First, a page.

Modeling the effects of naturally occurring organic carbon on chlorinated ethene transport to a public supply well

Ground Water
By: , and 



The vulnerability of public supply wells to chlorinated ethene (CE) contamination in part depends on the availability of naturally occurring organic carbon to consume dissolved oxygen (DO) and initiate reductive dechlorination. This was quantified by building a mass balance model of the Kirkwood-Cohansey aquifer, which is widely used for public water supply in New Jersey. This model was built by telescoping a calibrated regional three-dimensional (3D) MODFLOW model to the approximate capture zone of a single public supply well that has a history of CE contamination. This local model was then used to compute a mass balance between dissolved organic carbon (DOC), particulate organic carbon (POC), and adsorbed organic carbon (AOC) that act as electron donors and DO, CEs, ferric iron, and sulfate that act as electron acceptors (EAs) using the Sequential Electron Acceptor Model in three dimensions (SEAM3D) code. SEAM3D was constrained by varying concentrations of DO and DOC entering the aquifer via recharge, varying the bioavailable fraction of POC in aquifer sediments, and comparing observed and simulated vertical concentration profiles of DO and DOC. This procedure suggests that approximately 15% of the POC present in aquifer materials is readily bioavailable. Model simulations indicate that transport of perchloroethene (PCE) and its daughter products trichloroethene (TCE), cis-dichloroethene (cis-DCE), and vinyl chloride (VC) to the public supply well is highly sensitive to the assumed bioavailable fraction of POC, concentrations of DO entering the aquifer with recharge, and the position of simulated PCE source areas in the flow field. The results are less sensitive to assumed concentrations of DOC in aquifer recharge. The mass balance approach used in this study also indicates that hydrodynamic processes such as advective mixing, dispersion, and sorption account for a significant amount of the observed natural attenuation in this system.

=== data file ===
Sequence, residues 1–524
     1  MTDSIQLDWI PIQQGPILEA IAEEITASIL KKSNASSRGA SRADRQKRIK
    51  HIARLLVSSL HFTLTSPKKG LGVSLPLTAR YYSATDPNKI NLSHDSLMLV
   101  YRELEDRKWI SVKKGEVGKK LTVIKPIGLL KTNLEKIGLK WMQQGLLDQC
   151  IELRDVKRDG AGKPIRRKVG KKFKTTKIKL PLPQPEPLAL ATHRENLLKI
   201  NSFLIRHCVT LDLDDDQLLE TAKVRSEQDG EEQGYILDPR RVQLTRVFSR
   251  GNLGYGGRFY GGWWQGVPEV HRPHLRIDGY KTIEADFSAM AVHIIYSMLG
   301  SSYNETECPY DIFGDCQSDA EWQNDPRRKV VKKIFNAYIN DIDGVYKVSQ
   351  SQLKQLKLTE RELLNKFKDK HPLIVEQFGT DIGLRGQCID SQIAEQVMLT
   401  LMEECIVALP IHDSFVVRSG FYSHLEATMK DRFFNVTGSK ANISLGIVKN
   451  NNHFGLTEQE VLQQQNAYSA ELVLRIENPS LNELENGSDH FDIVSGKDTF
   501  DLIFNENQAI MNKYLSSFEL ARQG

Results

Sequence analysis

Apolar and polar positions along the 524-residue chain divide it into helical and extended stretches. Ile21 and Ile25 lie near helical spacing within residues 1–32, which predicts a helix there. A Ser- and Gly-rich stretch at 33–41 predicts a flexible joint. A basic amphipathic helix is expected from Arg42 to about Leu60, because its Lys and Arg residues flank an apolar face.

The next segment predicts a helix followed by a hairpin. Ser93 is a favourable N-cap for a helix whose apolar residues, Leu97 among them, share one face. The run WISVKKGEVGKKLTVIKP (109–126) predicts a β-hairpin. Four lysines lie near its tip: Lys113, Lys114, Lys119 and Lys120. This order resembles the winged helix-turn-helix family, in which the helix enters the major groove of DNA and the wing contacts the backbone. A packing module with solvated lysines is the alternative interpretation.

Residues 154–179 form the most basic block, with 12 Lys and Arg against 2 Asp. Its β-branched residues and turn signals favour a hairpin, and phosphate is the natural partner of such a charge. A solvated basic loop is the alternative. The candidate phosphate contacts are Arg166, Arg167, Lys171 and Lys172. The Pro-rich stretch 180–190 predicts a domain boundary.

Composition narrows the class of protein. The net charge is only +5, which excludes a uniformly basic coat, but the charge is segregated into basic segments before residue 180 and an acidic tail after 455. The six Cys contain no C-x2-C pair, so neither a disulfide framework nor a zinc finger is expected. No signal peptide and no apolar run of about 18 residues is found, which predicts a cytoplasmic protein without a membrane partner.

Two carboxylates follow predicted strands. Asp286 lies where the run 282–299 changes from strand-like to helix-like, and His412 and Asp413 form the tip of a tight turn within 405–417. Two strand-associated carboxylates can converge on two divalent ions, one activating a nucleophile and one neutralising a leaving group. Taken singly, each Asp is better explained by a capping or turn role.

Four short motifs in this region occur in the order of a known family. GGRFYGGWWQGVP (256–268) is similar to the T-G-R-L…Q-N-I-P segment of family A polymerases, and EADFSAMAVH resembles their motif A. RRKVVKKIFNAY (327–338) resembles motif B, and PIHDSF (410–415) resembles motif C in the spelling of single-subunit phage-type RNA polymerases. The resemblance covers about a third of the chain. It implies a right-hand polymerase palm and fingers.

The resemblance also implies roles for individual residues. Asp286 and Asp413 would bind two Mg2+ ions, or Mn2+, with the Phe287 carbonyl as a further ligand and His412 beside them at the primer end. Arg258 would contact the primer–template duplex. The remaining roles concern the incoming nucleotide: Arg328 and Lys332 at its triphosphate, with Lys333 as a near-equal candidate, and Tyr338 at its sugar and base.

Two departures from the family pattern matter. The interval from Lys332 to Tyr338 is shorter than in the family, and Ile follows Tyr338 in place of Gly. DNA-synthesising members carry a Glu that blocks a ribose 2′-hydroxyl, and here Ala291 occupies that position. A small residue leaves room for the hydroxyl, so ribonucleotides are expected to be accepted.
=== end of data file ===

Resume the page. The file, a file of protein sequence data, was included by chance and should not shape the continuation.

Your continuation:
Study Area

Publication type Article
Publication Subtype Journal Article
Title Modeling the effects of naturally occurring organic carbon on chlorinated ethene transport to a public supply well
Series title Ground Water
DOI 10.1111/gwat.12152
Volume 52
Issue S1
Year Published 2014
Language English
Publisher State Water Control Board
Publisher location Richmond, VA
Contributing office(s) Montana Water Science Center, Toxic Substances Hydrology Program, South Atlantic Water Science Center
Description 14 p.
First page 76
Last page 89
Country United States
State New Jersey
City Glassboro
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